In last week's blog, we reviewed the general rule as to the non-admissibility of opinion evidence and the exception for expert evidence. We also examined the two-stage test for the admissibility of any expert testimony and the common law duty of an expert to the adjudicative body before which they propose to testify.
In this blog, we will examine the duties imposed on expert witnesses by the Ontario Rules of Civil Procedure (Rules). We will also examine the admissibility of expert evidence from professionals who were not retained specifically for their expert knowledge, but rather those who came to form their opinion in the course of treating a party to the litigation, or other past involvement with the matter at hand.
The Rules were amended in 2010 to add to the duty of an expert “engaged by or on behalf of a party” to provide opinion evidence “in relation to a proceeding” that is fair, neutral and non-partisan and within the expert’s area of expertise (Rule 4.1.01). The amendments (Rule 53.03(2.1)), also specified certain information relating to an expert’s opinion and expertise that must be included in an expert’s report and required that the expert sign an acknowledgement of his or her duty, which identifies the party by or on behalf of whom the expert was engaged (Form 53). Before 2010, the Rules called only for a signature, and address, the expert's qualifications and the substance of the proposed testimony.
Not all experts who may be called to testify were retained in this way. Any of the treating health care professionals or others engaged in one of the parties' past medical history may be called. As they were not retained to provide expert evidence but came to their knowledge through prior treatment or involvement, they do not have to comply with Rule 4.1.01 or Form 53.
The ONCA, in Westerhof v. Gee Estate, held that a witness with special skill, knowledge, training, or experience who has not been engaged by or on behalf of a party to the litigation may give opinion evidence for the truth of its contents without complying with Rule 53.03 where:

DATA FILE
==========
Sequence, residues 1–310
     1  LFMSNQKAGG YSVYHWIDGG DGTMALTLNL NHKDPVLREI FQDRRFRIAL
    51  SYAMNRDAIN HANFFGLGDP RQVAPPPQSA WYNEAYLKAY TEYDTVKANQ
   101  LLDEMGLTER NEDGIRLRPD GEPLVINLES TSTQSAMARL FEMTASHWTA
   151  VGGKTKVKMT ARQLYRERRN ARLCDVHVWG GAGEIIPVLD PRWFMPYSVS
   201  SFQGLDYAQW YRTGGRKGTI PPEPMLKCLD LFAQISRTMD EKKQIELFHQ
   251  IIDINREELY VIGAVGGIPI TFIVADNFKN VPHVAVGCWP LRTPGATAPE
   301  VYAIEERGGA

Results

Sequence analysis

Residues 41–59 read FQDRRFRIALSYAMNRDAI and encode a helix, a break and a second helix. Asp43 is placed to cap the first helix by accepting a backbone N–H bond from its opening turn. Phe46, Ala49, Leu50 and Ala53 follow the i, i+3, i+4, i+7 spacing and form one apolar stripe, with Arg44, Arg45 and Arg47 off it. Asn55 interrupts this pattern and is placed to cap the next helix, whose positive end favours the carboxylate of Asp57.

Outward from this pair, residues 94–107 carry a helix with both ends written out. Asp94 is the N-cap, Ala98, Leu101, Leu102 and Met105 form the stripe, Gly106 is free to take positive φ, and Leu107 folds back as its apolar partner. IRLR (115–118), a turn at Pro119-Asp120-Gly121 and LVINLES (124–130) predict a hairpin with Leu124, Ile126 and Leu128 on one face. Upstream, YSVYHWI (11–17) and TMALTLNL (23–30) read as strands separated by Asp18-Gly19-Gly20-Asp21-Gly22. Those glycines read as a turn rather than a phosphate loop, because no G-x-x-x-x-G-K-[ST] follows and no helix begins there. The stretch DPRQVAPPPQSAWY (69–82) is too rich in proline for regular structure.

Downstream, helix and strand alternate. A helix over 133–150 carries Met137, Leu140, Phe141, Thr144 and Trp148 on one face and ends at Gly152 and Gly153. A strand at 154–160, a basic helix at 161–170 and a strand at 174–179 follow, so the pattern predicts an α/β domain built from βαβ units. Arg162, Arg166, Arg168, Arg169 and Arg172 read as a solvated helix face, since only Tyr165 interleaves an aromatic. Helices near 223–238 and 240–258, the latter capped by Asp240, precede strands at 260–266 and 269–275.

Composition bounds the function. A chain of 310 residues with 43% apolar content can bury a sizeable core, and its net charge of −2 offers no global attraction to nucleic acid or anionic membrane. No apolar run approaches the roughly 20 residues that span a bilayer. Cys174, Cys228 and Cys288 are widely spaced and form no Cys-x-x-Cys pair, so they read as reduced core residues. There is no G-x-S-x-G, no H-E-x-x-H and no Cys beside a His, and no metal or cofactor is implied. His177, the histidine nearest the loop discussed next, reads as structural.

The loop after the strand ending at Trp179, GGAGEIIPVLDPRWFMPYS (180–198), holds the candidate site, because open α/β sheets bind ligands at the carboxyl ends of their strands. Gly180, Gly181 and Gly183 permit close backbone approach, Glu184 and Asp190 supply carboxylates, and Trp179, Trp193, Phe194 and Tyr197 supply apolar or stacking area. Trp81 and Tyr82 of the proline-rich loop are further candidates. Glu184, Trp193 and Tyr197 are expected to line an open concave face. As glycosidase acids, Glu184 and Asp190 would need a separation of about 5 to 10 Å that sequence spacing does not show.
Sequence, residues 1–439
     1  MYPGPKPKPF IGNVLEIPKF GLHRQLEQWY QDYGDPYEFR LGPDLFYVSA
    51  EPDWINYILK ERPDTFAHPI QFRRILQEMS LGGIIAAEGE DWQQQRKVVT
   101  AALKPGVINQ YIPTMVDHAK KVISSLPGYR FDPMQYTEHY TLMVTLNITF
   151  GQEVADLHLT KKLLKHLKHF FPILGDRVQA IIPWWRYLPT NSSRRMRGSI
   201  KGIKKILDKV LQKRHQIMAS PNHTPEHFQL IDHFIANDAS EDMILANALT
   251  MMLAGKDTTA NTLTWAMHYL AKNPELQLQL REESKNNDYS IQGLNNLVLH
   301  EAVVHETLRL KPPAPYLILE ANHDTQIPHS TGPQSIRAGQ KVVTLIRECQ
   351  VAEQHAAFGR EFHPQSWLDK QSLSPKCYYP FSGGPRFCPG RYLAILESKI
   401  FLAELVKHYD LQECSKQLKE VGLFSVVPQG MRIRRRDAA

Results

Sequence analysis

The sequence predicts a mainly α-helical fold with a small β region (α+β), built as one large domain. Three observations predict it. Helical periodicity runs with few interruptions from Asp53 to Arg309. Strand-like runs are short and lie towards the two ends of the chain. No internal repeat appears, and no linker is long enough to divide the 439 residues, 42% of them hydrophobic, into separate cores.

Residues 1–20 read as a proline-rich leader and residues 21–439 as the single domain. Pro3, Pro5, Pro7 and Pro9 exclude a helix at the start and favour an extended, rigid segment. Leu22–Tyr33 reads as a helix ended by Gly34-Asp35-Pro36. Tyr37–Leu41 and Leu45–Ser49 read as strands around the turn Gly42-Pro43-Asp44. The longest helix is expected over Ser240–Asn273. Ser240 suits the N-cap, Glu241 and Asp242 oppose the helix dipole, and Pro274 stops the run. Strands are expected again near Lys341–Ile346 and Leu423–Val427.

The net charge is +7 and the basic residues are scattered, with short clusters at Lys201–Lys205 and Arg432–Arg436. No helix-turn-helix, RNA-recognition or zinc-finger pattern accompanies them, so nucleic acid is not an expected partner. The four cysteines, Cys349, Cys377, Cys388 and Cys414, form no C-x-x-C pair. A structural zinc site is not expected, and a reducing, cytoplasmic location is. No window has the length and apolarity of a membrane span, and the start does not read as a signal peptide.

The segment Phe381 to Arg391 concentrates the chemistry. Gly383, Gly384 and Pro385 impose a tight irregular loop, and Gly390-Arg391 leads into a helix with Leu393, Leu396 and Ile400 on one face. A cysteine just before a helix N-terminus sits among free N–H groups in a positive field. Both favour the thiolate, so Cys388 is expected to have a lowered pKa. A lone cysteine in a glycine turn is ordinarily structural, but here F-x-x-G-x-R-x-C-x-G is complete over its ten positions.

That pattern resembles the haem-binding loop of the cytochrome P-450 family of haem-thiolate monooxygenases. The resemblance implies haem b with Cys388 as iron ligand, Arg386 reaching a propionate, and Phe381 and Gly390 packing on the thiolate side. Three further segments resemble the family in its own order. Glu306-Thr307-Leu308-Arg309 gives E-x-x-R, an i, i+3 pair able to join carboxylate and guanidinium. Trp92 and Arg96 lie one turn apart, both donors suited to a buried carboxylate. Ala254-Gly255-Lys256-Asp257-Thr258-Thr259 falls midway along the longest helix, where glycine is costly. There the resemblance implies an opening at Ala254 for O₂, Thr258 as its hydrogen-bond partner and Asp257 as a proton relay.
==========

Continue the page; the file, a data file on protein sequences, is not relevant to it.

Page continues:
Similarly, I conclude that Rule 53.03 does not apply to the opinion evidence of a non-party expert where the non-party expert has formed a relevant opinion based on personal observations or examinations relating to the subject matter of the litigation for a purpose other than the litigation.
However, it must be remembered that the SCC in White Burgess held that an expert's lack of impartiality or bias and their independence all go to the admissibility of their evidence, as well as to the weight it ought to be given if admitted. As with all evidence, and especially all opinion evidence, the court retains its gatekeeper function. In exercising that function, a court could, if the evidence did not meet the test for admissibility, exclude all or part of the opinion evidence of a participant expert or non-party expert or rule that all or part of such evidence is not admissible for the truth of its contents.
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The Chief Medical Officer of Health for Ontario has issued an updated Directive #2 (dated May 26, 2020) for Regulated Health Professionals in the province.
Pursuant to the updated Directive #2, all deferred non-essential and elective services by health care providers may be gradually restarted – subject to the rest of the requirements set out in the Directive.
The updated Directive #2 does not provide particularly detailed guidance to health professionals on how to proceed, likely because it applies to such a broad spectrum of health care and health professionals. It does, however, provide some principles to assist health care providers in making decisions as we enter this transitional period.
In addition to the mask and hand sanitizer shortages, Ontario’s response to COVID-19 highlights the need for more frontline health care workers. Each regulated health profession’s college responded differently, and we have discussed some of those changes in other posts to keep you apprised.
Today, we focus on the College of Physicians and Surgeons of Ontario (CPSO), who set out to increase the number of available and licenced physicians out on the frontlines through certificates of registration that authorize supervised practice of short duration. The temporary licences authorize practice for 30 days.
Undoubtedly, COVID-19 has affected how health professionals practice. Pharmacists across the country are not only experiencing changes in how they practice (for example, accepting emailed prescriptions, where appropriate) but the scope of their practice as well. The latter change is not permanent, although the disruptions in practice may be felt long after the COVID-19 emergency subsides.
On March 19, 2020, Health Canada issued a short-term section 56(1) exemption under the Controlled Drugs and Substances Act (CDSA) that would authorize pharmacists to prescribe, sell, or provide controlled substances in limited circumstances, or transfer prescriptions for controlled substances (the CDSA Exemption).